Drama

Behind the Budget of Your Favorite School Teams

by Brianna Baldwin and Kaitlyn Keith

High School Activities are a beloved part of a student’s life, but the management to keep these sports and activities upheld can be hard to keep in order. There is a limited amount of money available for VHSL sports  and activities here at James River, making the funding possibly strained. Certain teams require more money, some teams require money now, and others can wait. When asked about the number of VHSL teams at James River High School, there are “22 teams, including activities”, according to Tim Jennings, the school’s athletic director. During an interview with Mr. Jennings, he was asked a series of questions about the funding for the school’s athletics and activities. It was made clear that a majority of the funding is on a need-based system. This is a long way from the misunderstanding that many have when it comes to how funding is provided to each VHSL sport and activity. In fact, many believe that funding for sports and activities depends on how well the team is doing. This would be measured by victories, losses, number of audience members, etc. This is not the case as each team’s funding changes from year to year. Although there are many expenses that each team expects each year, such as fixing broken equipment, buying new uniforms to replace ruined ones, and other such necessities, there are unexpected expenses that come to the forefront each season. An example of this would be a new full set of uniforms for an entire team. As said before, funding can be strained, so how can teams buy things that they need and want when the school funding is running low or used entirely for the year? Fundraising! Fundraising is another big part of gaining funding for sports and activities. “All fundraisings just need to be approved through me and the school board, just needs to keep the fundraising current, so people will buy them,” Mr. Jennings said.

When thinking about funding for a team, many think about physical items used in the sport or activity, but many do not think about transportation. Each VHSL sport and activity typically have at least one competition per year. Some of these competitions or games happen at home, JRHS, while others happen at other schools, which means our teams have to travel. One example of this is the football team. During this past season, the football team had five home games and five away games, according to Daniel Holter. Daniel is a senior at James River High School. The team did not have to drive themselves to any of the five away games as they had a bus provided by the school. As Tim Jennings said in the same interview mentioned above, “If they travel, they recieve some school funding.” This means that the few teams that do not receive school funding for equipment, such as Drama, still are considered to be receiving school funding for the bus used to take the team to any away competitions.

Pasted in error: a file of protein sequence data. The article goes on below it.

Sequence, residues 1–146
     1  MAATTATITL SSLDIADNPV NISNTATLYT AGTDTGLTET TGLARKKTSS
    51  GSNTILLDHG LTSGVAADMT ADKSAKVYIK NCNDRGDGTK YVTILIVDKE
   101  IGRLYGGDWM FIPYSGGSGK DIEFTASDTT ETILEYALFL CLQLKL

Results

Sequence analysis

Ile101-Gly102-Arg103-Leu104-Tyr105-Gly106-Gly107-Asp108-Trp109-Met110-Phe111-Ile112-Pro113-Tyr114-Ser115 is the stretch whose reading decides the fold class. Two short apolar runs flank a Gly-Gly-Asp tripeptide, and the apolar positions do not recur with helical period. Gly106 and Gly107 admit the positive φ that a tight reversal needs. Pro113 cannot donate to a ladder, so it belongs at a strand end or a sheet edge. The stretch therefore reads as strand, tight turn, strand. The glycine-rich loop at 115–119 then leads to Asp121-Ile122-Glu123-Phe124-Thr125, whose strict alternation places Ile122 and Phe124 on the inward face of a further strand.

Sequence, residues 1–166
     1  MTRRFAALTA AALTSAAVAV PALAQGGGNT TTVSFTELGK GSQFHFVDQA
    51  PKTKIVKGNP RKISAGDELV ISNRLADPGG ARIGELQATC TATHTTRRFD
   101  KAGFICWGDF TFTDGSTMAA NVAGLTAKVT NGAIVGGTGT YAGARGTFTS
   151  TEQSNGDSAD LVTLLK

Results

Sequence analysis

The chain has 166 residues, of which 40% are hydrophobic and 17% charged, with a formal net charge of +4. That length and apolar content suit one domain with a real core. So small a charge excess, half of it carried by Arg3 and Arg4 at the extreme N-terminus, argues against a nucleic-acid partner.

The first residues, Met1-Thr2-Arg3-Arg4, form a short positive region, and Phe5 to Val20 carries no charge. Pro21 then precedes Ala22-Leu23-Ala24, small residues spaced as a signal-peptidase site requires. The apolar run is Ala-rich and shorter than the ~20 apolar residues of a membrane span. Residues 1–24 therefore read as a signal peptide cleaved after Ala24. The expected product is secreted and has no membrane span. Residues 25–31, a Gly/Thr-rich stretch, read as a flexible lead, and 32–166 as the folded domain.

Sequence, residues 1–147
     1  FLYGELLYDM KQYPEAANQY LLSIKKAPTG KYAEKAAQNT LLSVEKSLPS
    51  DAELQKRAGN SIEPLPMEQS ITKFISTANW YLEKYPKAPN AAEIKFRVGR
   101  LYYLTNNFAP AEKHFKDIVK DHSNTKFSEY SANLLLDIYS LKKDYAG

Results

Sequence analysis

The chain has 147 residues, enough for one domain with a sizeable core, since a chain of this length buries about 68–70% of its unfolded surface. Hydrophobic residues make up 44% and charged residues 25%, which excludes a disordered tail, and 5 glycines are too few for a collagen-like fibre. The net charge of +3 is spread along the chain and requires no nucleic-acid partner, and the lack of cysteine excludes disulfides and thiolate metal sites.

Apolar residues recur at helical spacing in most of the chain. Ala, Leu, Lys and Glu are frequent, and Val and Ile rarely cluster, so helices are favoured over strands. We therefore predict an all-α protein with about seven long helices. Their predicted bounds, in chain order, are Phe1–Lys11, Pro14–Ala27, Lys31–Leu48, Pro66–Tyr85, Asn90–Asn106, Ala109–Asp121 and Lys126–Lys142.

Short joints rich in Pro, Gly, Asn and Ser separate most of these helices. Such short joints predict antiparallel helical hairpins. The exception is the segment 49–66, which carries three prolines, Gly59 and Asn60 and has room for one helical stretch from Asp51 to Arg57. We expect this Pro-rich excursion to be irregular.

Certain sport and activity teams have a hard time fundraising and getting school money, which can make them feel less important. Some teams have almost no funding, for example Drama. Unlike football, the Drama team is unable to sell tickets. This can cause a great strain on the budget for the team. “Drama has never had a budget,” said Sharon Keith, Drama director and a teacher at James River. Luckily, with the help of parents and Attic Productions, the team is able to put on captivating shows year after year. Putting on these plays can be quite more expensive than people think. “Scripts are ten dollars each plus a fifty to seventy-five dollar fee per performance,” she continued. This isn’t including costumes, props, and other necessities that can cost anywhere in the range of “500 to 800 dollars,” per semester. While some plays have copyright preventing the team from selling tickets, VHSL and James River school rules do not allow the team to sell tickets at any performance. This means that the team relies solely on donations by audience members, parents, and the rest is purely out of the director’s pocket. Typically, the Drama team has two home performances, One Act and Spring, where they accept donations. These performances are not always allowed. One example is last semester: the team was forced to change performance dates multiple times as well as cancel one performance. This was because the majority of the team is in the school band and were required to be at the football game that was rescheduled to the same day as the drama performance.

While funding may be need-based, not all teams and activities are created equal. Some receive more funding than others and some are even pushed below others. Sometimes, underfunding is understandable but when it effects outside funding and student/teacher’s lives, it is unfair and unwelcome.